2

Where does this phrase come from? It's something I use (usually ironically) and something that's "just there" in my lexicon like "fit as a fiddle". However when I Google it, no origin pops up. It is used as early as 1855:

It is in his admiration for the gentle confines between virtue and her antagonist

This occurrence is 164 years old. A commenter below has used Google Ngrams to source "the confines_noun" to around 1650, so 369 years old (earlier if you make the search case insensitive).

It is obvious what it means. It has become a kind of frequently used phrase, idiomatic expression, trope or formulaic language.

In ironic use it refers to a place which is not gentle at all. So a phrase which lends itself to ironic use, like "your humble servant". It would be great if it turned out to be a phrase first used by Shakespeare or the like.

  • The one example you've cited strikes me as "unusual", compared to other written instances of the sequence the gentle confines - which are nearly always followed by of [something that gently confines / restrains someone or something]. In fact, I'm not quite sure how to interpret the usage when followed by between virtue and her antagonist. Maybe it's become something of a "fixed expression" now, but it's really just ordinary English. – FumbleFingers Oct 5 at 16:16
  • 1
    The expression that has really taken off in the past 60 years or so is "friendly confines," an expression that has become something close to a cliché among U.S. baseball fans. It refers to a home ballpark—particularly one that is relatively small and "hitter friendly." – Sven Yargs Oct 6 at 3:25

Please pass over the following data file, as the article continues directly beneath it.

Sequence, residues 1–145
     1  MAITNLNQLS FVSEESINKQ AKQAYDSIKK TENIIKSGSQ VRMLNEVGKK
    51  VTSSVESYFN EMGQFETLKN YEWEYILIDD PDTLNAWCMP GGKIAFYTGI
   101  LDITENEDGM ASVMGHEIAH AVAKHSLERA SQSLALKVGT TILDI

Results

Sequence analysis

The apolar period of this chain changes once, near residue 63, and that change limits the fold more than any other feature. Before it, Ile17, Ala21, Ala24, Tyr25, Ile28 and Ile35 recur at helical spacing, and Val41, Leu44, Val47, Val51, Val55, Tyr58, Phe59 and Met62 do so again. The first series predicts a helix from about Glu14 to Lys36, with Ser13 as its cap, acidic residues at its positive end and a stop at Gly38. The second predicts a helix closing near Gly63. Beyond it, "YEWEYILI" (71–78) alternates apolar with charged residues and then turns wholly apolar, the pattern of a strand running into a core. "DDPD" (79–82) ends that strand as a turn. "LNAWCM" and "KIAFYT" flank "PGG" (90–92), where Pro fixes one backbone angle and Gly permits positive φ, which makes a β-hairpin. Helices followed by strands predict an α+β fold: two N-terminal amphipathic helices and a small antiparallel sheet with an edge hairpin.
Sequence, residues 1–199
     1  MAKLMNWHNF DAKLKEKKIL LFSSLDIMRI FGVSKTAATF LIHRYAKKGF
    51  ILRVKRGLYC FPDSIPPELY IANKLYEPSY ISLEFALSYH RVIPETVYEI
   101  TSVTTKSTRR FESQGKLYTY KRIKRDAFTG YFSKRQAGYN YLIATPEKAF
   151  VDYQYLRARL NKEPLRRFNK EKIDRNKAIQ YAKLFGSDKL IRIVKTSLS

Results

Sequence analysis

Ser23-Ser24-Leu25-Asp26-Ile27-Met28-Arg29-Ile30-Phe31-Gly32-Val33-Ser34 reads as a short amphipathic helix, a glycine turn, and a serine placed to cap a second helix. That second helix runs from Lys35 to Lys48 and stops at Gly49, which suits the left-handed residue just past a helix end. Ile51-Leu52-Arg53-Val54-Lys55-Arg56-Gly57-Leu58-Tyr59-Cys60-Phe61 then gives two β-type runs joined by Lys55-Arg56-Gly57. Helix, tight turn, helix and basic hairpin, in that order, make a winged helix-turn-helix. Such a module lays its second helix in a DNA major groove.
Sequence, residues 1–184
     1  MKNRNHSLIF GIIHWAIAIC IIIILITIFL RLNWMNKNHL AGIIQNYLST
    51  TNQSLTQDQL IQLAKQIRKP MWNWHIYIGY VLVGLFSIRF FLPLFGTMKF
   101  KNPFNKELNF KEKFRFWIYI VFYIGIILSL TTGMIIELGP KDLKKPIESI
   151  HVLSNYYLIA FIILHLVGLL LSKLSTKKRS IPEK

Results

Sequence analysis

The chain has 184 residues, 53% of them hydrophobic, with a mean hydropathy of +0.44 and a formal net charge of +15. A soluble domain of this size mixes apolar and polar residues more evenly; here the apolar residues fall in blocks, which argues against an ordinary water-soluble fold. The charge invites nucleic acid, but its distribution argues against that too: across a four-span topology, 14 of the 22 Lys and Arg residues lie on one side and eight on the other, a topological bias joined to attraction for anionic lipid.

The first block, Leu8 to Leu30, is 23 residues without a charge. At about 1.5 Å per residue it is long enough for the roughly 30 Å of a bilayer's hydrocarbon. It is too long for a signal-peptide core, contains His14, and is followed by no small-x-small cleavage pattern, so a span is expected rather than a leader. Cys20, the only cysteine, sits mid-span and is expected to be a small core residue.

• @FumbleFingers my answer may seem unusual because it is 164 years old. My point in quoting it was simply that it was 164 years old: I am trying to date the first occurrence of the expression. It is obvious what it means. However it has become a kind of frequently used phrase (I'm also searching for a word for "frequently used phrase". A trope?). In ironic use it refers to a place which is not gentle at all. So I'm interested in first occurrence, for example if it is a phrase in Shakespeare or the like. – Lars Ericson Oct 6 at 20:26
  • NICE! So it starts in 1650? – Lars Ericson Oct 6 at 23:48

Your Answer

By clicking “Post Your Answer”, you agree to our terms of service, privacy policy and cookie policy

Browse other questions tagged or ask your own question.